After conquering the design market, Peter turned his considerable talent and passion to the sale of contemporary art and would soon establish LAMA as an International force in the contemporary art field. During his nearly 30 year tenure, LAMA has set dozens of auction records and sold more than $100 million in total sales. Highlights including the work of such luminaries as Ruth Asawa, Sam Maloof, DeWain Valentine and Andy Warhol.
Peter co-curated many Los Angeles gallery shows, including Gio Ponti: Furnished Settings & Figuration (2004) and Dutch Design (2005), both at ACME Gallery, in addition to co-curating and publishing the exhibition catalogue for Gaetano Pesce: Pieces from a Larger Puzzle at Los Angeles’s Italian Cultural Institute (2010). In September 2017, Loughrey curated a show as part of Pacific Standard Time: LA/LA, a Getty initiative, on Emerson Woelffer. He has also written numerous articles and was a contributor in the books Case Study Houses (TASCHEN 2003), Julius Schulman Modernism Rediscovered (TASCHEN 2007), and Collecting Design (TASCHEN 2010). LAMA has also conducted auctions for prominent California estates, and institutions such as LACMA, the Palm Springs Art Museum, Playboy Enterprises as well as the artist James Pristini and collector Max Palevsky. Peter also served as a member of the board of the Decorative Arts Council at The Los Angeles County Museum, LACMA.
All those who knew Pete were blessed to have known a man whose vast knowledge of art and design was surpassed only by his wit, kindness and generosity. He leaves behind his loving wife Shannon, his parents Theo and Claire, and sister Helen. In addition, Peter had a network of loyal friends who thought the world of him, and will miss him greatly. With the continued guidance of Shannon Loughrey, and along with her dedicated and expert staff, LAMA will operate as before – while continuing to celebrate Peter’s formidable legacy.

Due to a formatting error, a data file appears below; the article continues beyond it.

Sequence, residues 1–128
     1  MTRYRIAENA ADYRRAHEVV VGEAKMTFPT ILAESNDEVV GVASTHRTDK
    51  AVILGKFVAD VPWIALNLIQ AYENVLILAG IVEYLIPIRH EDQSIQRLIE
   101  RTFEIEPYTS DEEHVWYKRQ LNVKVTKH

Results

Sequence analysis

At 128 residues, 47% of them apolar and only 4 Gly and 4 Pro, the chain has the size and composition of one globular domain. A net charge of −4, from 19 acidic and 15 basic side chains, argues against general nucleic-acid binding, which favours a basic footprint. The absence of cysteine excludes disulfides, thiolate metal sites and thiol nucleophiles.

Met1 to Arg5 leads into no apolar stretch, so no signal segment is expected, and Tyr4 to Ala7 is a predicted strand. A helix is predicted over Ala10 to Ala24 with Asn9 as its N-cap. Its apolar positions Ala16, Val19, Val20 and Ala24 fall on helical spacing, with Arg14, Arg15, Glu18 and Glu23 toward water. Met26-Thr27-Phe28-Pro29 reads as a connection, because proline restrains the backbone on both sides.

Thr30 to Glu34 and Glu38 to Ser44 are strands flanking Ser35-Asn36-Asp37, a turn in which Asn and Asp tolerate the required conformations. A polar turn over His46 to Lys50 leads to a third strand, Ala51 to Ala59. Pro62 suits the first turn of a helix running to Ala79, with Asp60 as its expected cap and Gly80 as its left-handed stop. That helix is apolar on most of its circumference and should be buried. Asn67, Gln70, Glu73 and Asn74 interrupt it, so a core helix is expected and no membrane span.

Southern California is rich with historically important artists and makers. In the mid 20th Century, trail-blazing craftspeople and designers of all kinds were working up-and-down the California coast, creating work of distinctive character and enduring beauty. These pioneers, many who are still with us today, are considered the backbone of the celebrated California Design movement.
Michael Arntz is a Santa Barbara based ceramic artist, and former educator, whose long career has produced an influential body of both monumental sculpture and smaller scale works that continue to be collected and shown nationally. His work has been sold at fine auction and is included in many noted national collections. Eudorah Moore, the celebrated curator of the famed “California Design” Exhibitions (1962-1976) included Arntz’s work along with the most famous West Coast designers and makers of his generation.
Various examples and detail, of Michael Arntz’s ceramic sculpture
In 1967, in a review of his show of large ceramic sculptures the Los Angeles Times wrote of twenty-eight-year-old Michael Arntz: